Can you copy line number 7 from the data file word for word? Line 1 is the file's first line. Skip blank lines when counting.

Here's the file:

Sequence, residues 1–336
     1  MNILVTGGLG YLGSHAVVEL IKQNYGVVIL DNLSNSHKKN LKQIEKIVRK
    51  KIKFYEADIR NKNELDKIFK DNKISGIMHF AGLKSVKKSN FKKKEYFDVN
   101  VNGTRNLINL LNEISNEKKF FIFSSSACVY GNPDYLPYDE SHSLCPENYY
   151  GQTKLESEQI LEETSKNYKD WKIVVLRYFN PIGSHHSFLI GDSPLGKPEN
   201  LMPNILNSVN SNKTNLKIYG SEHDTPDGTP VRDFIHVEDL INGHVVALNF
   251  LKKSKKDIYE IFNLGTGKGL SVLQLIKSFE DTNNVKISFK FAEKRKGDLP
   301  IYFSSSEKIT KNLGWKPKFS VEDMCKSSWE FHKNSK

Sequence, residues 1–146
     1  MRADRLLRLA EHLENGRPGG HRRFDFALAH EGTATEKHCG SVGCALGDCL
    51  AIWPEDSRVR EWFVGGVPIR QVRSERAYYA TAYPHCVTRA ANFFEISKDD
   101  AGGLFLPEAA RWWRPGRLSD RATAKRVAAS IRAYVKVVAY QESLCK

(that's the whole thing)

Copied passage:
   251  LKKSKKDIYE IFNLGTGKGL SVLQLIKSFE DTNNVKISFK FAEKRKGDLP